If the future is all sitting around watching videos of things on pieces of electo-paper instead of reading an article then the future needs to get off my lawn and explain to me what friendbook is.
posted by Admira at 11:44 PM on June 14, 2012 [5 favorites]


I think we're being trolled by a markov chain generator.
posted by feloniousmonk at 12:03 AM on June 15, 2012 [2 favorites]


I agree with the poster's gentle request here. In fact, I'd like to see everyone say something along the lines of (5min vid) after the relevant link. I like to know how much timesink is involved as much as I like to know it's going to be a film.
posted by peacay at 12:34 AM on June 15, 2012 [1 favorite]


It's annoying to click on unlabeled links on an iPhone or iPad and get kicked off to another app without warning

You can disable the "flip to YouTube app" behavior in iOS (scroll down). I'm told it causes problems with embedded videos, but you may find it worth it.
posted by Rock Steady at 4:29 AM on June 15, 2012


I posted the FPP, and I think Scientist makes a reasonable request. Maybe it would be helpful if there was a sort of drop-down list to give some standard tags for these sorts of things...
posted by jhandey at 5:25 AM on June 15, 2012


do you really think that I should take the time in a post I write up such as this one to indicate what are videos and what are not?

Interesting that you did label most of the actual videos in that post, while not labeling the ones that are using YouTube as an audio player.
posted by smackfu at 5:35 AM on June 15, 2012


Take a UI class.

Take a usability class.

I like video links but I like to watch them when it's convenient for me. I don't think labeling should be mandatory but I'm glad that this was raised so that in the future if I post, I will be more mindful of people who are like me and format my post accordingly.
posted by like_neon at 5:39 AM on June 15, 2012 [1 favorite]


Google could easily circumvent that in Chrome with a loop of the first 10-seconds of a youtube link displayed in a tiny localized window.

Given how much YouTube throughput completely sucks where I live, or via my ISP, or whatever... I shudder to think how any implementation of this would destroy my ability to surf the internet.

(Why oh why? I live only a couple of hundred miles from the Google serverfarms down along the Columbia next to the hydroelectric dams! Why must it so often take 10 minutes to load up a 30 second video???)
posted by hippybear at 6:16 AM on June 15, 2012


I'd like to see everyone say something along the lines of (5min vid) after the relevant link.

I've been trying to do this as a matter of course for nearly all my posts, especially if the video is longer than a minute or so. I started doing this after being surprised by links to 2 hour videos, and figured if I wanted to know ahead of time how long a video was, I should let others know when I'm in the position to write one up.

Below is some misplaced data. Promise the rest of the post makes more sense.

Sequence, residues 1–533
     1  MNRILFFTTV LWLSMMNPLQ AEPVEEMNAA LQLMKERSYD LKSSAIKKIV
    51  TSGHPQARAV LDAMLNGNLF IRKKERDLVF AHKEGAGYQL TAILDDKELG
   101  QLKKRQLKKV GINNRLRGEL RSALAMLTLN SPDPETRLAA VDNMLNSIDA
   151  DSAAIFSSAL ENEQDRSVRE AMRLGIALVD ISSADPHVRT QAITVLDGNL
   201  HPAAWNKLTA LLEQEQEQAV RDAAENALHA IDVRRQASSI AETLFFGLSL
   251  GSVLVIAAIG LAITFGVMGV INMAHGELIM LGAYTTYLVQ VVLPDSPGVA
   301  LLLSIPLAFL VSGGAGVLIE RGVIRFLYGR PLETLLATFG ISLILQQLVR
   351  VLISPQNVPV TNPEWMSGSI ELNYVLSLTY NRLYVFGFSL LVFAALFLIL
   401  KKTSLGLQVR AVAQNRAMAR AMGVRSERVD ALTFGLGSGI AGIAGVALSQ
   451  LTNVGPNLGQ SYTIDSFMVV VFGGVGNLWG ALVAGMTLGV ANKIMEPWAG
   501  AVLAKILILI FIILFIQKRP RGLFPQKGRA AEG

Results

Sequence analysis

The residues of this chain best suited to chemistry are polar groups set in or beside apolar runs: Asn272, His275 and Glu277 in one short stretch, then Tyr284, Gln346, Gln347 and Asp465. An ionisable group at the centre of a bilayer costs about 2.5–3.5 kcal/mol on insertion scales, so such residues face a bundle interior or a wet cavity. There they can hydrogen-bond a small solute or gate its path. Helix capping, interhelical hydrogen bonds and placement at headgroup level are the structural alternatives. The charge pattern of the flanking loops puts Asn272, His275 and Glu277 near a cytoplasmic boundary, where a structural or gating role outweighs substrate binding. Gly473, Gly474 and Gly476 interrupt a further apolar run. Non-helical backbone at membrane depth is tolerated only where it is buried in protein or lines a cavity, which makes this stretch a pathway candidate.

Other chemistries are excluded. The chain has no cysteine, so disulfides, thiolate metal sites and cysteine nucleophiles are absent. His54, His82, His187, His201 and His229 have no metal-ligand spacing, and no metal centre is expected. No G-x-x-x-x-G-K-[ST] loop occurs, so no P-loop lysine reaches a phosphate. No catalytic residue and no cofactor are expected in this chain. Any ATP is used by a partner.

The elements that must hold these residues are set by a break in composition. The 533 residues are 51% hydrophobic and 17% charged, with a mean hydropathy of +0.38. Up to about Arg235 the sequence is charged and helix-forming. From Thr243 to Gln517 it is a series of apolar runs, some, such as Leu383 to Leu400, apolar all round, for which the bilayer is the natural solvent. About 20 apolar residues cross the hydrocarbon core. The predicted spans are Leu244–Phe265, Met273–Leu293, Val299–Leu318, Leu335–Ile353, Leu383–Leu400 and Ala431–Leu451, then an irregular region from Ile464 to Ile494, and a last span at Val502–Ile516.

posted by hippybear at 6:18 AM on June 15, 2012


One more consideration for linking video links clearly is of course that they're ... less than useful... for those of us who might be visually impaired.
posted by MartinWisse at 7:00 AM on June 15, 2012 [1 favorite]


And then an added complication there is that Youtube is the only legit way to link to songs. So in that case they are technically videos, but only the audio matters.
posted by smackfu at 8:19 AM on June 15, 2012


Just wanted to pop back in and say that for my personal purposes this thread had been quite successful, and I appreciate that we could have this discussion. I'd suspected that I might not be the only one who would appreciate a little more labeling of videos, and now I know I'm not. Also hopefully the community is now incrementally more aware of the issue, to the extent that it is an issue, and maybe we'll see a little movement toward video labeling being more commonplace, or at least maybe people will be more likely to consider whether or not it's obvious that their posts are linking to videos, which is all I wanted to get out of this thread when I started it.

As expected, not everyone is on board with the idea. I'm fine with that, I still love you all. People are gonna do whatever they think best, I just wanted to raise a little awareness that this is something that would maybe be worth thinking about when constructing posts.

So I at least am totally satisfied with the way this thread has gone, and I want to thank you all for listening to what I had to say and for talking about it so considerately and thoughtfully. Hugs and beer for everyone.
posted by Scientist at 9:19 AM on June 15, 2012


One more vote for marking video content. I don't see how it would be onerous to mark a link as [v] or [vid] along the lines of [slyt] or [pdf]. The distinction for me is the ability to skim - I can quickly skim a webpage and get a sense of if I'm interested or not. It's much harder to skim video content.

Also video-displaying websites tend to be crufty ad-serving and resource-hogging nightmares. If you're running a script blocker it can take a while to figure out which cryptically named 3rd party site serves the actual video you want to see.
posted by werkzeuger at 11:13 AM on June 15, 2012


OK, Scientist et alia, I tried. Hope it is more clear!
posted by the man of twists and turns at 9:10 PM on June 15, 2012


Metafilter: "Could we maybe try to be a little better . . . "
posted by Anitanola at 10:15 PM on June 15, 2012


Why change how a site operates for a user's inability to use available technologies? Welcome to the future, OP.
posted by sjvilla79 at 8:27 PM on June 18, 2012